Making sense of the transitional maelstrom of part-time students and their conceptions of learning as mediated by conceptional domains of work, family and self. A case study of undergraduate, part-time political studies students at a university in South Africa
MetadataShow full item record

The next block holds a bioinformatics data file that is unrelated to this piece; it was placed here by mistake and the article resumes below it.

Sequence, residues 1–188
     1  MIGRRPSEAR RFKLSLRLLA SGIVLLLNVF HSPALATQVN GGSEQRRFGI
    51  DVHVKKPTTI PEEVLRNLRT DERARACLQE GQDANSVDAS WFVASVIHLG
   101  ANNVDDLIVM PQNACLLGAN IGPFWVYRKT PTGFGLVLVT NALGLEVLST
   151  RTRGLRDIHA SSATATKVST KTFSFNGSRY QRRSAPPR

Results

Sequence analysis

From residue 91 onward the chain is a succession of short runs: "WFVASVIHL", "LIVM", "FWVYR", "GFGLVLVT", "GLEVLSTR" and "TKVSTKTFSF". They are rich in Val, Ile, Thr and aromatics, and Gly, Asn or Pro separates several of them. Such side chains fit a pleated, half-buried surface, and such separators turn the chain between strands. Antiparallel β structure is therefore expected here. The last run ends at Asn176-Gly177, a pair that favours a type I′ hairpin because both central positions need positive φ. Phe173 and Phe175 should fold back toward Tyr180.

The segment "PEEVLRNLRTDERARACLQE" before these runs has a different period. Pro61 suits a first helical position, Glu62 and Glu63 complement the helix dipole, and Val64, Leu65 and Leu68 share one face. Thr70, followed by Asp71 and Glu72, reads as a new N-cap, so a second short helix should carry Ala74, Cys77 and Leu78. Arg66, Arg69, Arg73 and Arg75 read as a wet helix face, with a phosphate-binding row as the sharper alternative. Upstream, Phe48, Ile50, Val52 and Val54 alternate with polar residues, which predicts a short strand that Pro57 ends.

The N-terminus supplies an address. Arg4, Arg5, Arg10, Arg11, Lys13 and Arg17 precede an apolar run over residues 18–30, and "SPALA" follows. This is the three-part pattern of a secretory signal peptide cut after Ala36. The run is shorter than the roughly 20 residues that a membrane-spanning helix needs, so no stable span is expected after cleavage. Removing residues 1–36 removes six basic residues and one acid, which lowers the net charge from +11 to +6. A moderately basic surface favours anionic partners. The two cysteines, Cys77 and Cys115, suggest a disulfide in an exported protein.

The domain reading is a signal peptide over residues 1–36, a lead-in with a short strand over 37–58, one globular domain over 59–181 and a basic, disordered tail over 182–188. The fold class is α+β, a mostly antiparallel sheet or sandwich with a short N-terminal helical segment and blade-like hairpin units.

The traditional trajectory of young students in higher education in South Africa is currently under sharp scrutiny and the general provision is considered to be inadequate in terms of quality, diversity and quantity. There is a proposal to increase the participation rate of young people between the ages of 18 and 24 from 16% (in 2011) to 23% by 2030 (DHET, 2012). Already, the increase in access to young school leavers without the concomitant resource allocation has resulted in the inability of the University of the Western Cape (UWC) to continue to provide access to ‘non-traditional’ working adults in some of its programmes. The large classes for young undergraduates, the necessary foundation/support programmes to assist under-prepared school leavers, recent demands to increase postgraduate study output and to publish are related pressures influencing the decisions to limit undergraduate part-time studies for adult learners. To address this ‘dilemma’ an action research project was launched to introduce lifelong learning opportunities that are conceptualised and provided in flexible ways. The intention is to challenge both the university and workplaces to interrogate understandings and approaches to professional development and to support innovation that will enhance successful access and success for working people. The Political Studies department at UWC is one of the pilot sites for the action research and initial reflections on the challenge to introduce flexible modes of teaching and learning revealed that the attempts may be constrained by prevailing conceptions of the trajectories of part-time students. Instead of the traditional, linear transition into higher education – normally associated with younger learners – trajectories for mature adult learners are less linear, more complex, and include ‘stop-outs’ and discontinuities within transitions (Stevenson & Clegg, 2012). This paper describes the national transitional context of higher education in South Africa and the precarious location of working adults studying at UWC within this context. It further explores the transitional maelstroms as shared by a sample of part-time Political Studies students; it considers the roles and influence of the contextual domains of work, family and self; and examines the implications for mature students, their workplaces and the Political Studies department at the university.